Delivery room survival tips

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The day your baby is born will be one you'll never forget. With a little advance planning you can avoid some bumps or misunderstandings. Check out our delivery room survival tips for dads here.

src=http://my admin.theasianparent.com/wp content/uploads/2013/03/shutterstock 17771641.jpg Delivery room survival tips

Seuk Kim is a delivery room expert. He and his wife, Anna, have had three children in the past five years. In fact, their first child was born on the morning of August 9, 2008, missing the lucky 8-8-08 date by just a few hours.

theAsianparent Malaysia spoke with Seuk and Anna about their delivery room experiences and they offered several tips for survival. Both say that planning ahead, anticipating, and fulfilling mom’s needs are the keys to having a successful and positive delivery room experience.

Here’s part of our conversation:

Mom and dad should talk about the birthing process ahead of time – A lot of problems can be avoided if mom and dad talk about them ahead of time. Things that might seem trivial before the baby is born can become significant in the delivery room if you haven’t talked about them in advance. Some things to consider:

  • What does mom want dad to do during delivery? Hold her hand?  Stay by her head and count her breaths? Or watch the delivery from down below? Who’s going to cut the umbilical cord? Do you want an innie or an outie belly button?
  • Anticipate mom’s needs. She’s going to be uncomfortable and in pain. Do what you can to help. Hold her hand, rub her feet, massage her legs, rub her neck, and make sure she has what she needs.
  • It’s likely that mom will go hours without eating. Before you start munching ask mom if it’s ok to eat in the room. The smell of food might make her nauseous (or envious). Don’t be surprised if she asks you to either eat in the hall or the cafeteria.
  • Dad should also bring an overnight bag to the hospital just in case.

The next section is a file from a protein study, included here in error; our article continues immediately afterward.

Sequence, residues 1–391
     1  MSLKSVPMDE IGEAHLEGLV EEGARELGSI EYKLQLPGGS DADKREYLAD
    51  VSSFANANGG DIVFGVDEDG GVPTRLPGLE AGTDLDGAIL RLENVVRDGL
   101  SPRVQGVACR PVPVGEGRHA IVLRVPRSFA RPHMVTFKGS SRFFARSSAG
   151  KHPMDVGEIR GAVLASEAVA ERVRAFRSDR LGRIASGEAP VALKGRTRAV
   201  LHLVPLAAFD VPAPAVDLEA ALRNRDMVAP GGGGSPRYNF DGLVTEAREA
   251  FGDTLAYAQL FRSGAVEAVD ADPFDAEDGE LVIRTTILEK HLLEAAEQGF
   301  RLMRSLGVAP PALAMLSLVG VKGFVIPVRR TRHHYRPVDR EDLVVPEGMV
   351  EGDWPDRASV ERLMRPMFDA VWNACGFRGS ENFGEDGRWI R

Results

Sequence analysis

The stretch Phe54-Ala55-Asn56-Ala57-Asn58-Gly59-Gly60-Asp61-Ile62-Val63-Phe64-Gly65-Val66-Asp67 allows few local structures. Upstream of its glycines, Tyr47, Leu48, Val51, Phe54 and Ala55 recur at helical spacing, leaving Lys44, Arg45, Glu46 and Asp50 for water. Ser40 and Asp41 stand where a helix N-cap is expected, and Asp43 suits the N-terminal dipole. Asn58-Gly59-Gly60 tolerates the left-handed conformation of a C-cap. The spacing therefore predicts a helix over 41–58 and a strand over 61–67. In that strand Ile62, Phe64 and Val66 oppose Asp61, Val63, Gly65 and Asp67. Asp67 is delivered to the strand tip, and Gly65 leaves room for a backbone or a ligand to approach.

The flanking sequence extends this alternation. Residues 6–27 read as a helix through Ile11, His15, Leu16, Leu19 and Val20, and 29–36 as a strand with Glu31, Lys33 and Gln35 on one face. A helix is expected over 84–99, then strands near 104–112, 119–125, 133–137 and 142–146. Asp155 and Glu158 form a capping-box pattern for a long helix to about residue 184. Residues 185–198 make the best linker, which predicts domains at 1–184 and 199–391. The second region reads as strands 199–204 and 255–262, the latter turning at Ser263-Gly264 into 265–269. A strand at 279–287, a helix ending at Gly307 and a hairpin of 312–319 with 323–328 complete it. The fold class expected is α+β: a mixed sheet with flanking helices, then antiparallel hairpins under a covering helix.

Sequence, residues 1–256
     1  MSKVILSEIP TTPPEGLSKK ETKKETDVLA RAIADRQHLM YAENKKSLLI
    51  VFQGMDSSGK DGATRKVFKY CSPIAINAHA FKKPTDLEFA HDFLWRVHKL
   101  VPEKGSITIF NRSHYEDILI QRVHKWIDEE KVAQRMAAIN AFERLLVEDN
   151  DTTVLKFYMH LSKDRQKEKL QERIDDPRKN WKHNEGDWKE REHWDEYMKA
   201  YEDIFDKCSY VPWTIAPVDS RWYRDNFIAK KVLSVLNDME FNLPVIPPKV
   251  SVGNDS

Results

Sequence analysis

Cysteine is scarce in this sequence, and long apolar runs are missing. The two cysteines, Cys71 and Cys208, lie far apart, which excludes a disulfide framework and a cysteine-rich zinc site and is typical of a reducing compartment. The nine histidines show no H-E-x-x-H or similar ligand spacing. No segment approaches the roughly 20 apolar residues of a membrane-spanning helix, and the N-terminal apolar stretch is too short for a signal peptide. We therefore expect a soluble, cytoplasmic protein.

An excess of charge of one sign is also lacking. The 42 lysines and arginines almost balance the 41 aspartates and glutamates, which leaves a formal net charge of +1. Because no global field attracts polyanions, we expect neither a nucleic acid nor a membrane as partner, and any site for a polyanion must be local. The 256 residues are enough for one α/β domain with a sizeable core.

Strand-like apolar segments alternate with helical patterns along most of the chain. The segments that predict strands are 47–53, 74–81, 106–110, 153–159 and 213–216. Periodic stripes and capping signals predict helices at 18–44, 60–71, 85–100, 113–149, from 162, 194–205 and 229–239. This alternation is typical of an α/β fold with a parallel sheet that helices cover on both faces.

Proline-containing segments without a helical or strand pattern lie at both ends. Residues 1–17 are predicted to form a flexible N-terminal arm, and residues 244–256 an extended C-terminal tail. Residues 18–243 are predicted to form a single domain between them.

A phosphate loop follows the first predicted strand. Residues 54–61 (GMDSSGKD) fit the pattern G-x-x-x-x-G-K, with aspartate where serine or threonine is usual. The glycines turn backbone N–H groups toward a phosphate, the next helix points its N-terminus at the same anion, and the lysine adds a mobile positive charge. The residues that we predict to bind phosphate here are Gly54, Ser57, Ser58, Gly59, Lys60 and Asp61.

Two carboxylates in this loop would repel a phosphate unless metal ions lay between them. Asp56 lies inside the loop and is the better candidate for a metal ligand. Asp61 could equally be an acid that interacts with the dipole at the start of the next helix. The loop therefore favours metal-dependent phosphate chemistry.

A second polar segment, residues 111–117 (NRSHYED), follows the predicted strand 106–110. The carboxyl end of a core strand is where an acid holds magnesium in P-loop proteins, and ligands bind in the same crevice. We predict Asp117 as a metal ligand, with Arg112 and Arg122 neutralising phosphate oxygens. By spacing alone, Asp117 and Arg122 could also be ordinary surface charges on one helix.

The secret word is “yes” – When mom and dad arrive at the hospital, dad should put mom and her needs first. It’s possible (maybe even probable) that mom will be scared, and uncomfortable waiting for the baby to arrive. Dad should be empathetic; hold mom’s hand; massage her; get her water, ice chips or popsicles to stay hydrated; and be her advocate with the medical staff. The most important thing is to be with her (both physically and emotionally). The birth of your child is the end of one journey and the beginning of another. Savor the moment.

Let me entertain you – It’s likely that you and mom will spend several hours waiting for something to happen. Seuk and Anna were in labor the first night of Beijing Olympics and spent hours watching the opening ceremonies on TV. In addition to watching TV, Seuk suggests bringing books, magazines, an iPad or Kindle, or cards to keep busy.

The communicator – Devise a system to update family members on the status of labor or delivery. Mom and dad probably won’t have the time (or energy) to talk to everyone who calls so come up with a way to communicate with friends and family. Create a group text list or post to Facebook or Twitter to provide updates.

The photographer – Dad is going to wear a lot of hats in the delivery room: husband, coach, father, advocate, and photographer in chief. It’s important to talk with mom ahead of time and ask what pictures she wants to you to take and which ones she would prefer that you avoid.

Be the doorman – After mom has given birth, and she and the baby have settled into their room, people will want to visit and say hello.  Mom and dad should talk with close friends and family ahead of time and make their visitation wishes known. Dad may have to be the enforcer if people start to show up in droves. Mom and dad will be tired and the first few hours after delivery are important for the family to begin the bonding process.  There will be plenty of time for visiting in the coming days and weeks.

Seuk also says that during the birthing process dads can feel ignored.

“I think it's important to take into consideration your own needs. There are plenty of nurses, doctors and other people who will cater to mom and baby’s every need, but the dad usually gets neglected. Not many people are going to ask you how you feel and if you need anything, so you have to make sure that you're taking care of yourself.”

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